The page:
Did the Great Recession change the regional reputation premium for wine in the US?

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Abstract

Wine is an experience good and also (at least under certain circumstances and to a certain extent) a conspicuous consumption good. As such, wine buyers should be willing to pay a premium for regional reputation to avoid risk and to send signals about their wealth and social status. At the same time, wine is an annually produced good; every year new bottles arrive to wine stores. Accordingly, a wine store's manager has to periodically clear the store's inventory. Statistical analyses indicate that, during the Great Recession in the US, two developments - a substantial decline in income and a rise in information sharing via the internet and social media - had a dampening effect on the regional reputation premium and lowered the price-quality ratio differences among different wine regions. Moreover, during the same time period, the discount rates necessary to clear inventories significantly increased. © 2013 UniCeSV, University of Florence. Production and hosting by Elsevier B.V. All rights reserved.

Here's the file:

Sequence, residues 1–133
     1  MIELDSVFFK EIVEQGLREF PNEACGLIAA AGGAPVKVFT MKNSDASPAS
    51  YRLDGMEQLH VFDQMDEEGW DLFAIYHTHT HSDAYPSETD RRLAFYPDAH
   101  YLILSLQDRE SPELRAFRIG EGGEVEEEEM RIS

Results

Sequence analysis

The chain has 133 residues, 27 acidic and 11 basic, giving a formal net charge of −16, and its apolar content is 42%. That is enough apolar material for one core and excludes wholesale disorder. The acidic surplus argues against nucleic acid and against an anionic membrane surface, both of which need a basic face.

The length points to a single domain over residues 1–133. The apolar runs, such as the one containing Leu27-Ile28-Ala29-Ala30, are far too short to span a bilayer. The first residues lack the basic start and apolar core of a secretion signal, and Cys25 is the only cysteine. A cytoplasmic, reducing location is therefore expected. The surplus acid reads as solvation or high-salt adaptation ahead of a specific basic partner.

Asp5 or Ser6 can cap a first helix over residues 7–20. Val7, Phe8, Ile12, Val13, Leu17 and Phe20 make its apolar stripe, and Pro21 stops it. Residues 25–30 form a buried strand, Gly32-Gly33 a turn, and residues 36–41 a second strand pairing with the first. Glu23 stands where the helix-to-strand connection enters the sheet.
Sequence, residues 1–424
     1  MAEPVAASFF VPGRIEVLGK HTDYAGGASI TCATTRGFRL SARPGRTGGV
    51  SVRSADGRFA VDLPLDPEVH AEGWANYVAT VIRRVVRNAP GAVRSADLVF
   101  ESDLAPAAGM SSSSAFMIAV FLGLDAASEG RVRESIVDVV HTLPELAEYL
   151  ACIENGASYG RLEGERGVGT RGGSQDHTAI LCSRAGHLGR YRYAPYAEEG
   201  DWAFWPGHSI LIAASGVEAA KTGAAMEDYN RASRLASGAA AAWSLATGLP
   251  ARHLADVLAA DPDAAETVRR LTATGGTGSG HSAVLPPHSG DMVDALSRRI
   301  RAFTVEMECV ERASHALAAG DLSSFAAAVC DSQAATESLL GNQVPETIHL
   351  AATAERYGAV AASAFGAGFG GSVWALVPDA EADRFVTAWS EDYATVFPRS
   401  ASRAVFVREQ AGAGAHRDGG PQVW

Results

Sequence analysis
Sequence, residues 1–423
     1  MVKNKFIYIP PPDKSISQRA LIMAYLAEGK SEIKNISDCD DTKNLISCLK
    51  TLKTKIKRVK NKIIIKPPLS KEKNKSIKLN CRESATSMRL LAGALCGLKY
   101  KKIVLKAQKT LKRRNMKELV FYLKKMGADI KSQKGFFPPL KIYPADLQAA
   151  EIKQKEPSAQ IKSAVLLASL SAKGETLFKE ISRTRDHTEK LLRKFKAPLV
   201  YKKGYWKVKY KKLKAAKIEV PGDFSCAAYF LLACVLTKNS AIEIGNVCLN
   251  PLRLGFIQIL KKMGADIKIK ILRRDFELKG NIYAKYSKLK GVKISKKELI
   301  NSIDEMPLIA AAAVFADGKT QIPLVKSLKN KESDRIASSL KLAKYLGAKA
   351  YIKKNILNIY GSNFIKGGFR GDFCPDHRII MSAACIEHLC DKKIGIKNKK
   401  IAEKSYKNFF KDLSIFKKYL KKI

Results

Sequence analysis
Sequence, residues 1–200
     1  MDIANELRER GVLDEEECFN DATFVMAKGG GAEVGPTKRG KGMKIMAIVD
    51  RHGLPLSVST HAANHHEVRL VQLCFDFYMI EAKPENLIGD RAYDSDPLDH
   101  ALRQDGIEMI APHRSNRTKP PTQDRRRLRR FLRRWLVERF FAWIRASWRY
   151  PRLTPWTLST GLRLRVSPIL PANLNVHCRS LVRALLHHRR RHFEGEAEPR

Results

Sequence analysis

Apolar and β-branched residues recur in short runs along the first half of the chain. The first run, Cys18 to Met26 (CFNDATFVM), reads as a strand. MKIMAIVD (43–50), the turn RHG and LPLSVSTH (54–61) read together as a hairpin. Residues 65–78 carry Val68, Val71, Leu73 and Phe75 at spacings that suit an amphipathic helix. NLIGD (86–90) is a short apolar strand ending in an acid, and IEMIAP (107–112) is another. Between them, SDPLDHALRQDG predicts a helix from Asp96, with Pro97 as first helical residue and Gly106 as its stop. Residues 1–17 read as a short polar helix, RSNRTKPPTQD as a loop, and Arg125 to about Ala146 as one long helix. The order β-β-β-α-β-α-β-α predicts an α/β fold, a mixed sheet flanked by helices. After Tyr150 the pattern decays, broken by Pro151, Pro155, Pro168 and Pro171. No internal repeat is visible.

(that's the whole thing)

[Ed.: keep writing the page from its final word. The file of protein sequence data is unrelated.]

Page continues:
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Gokcekus, O., & Finnegan, C. M. (2013). Did the Great Recession change the regional reputation premium for wine in the US? Wine Economics and Policy, 2(1), 27–32. https://doi.org/10.1016/j.wep.2013.05.004

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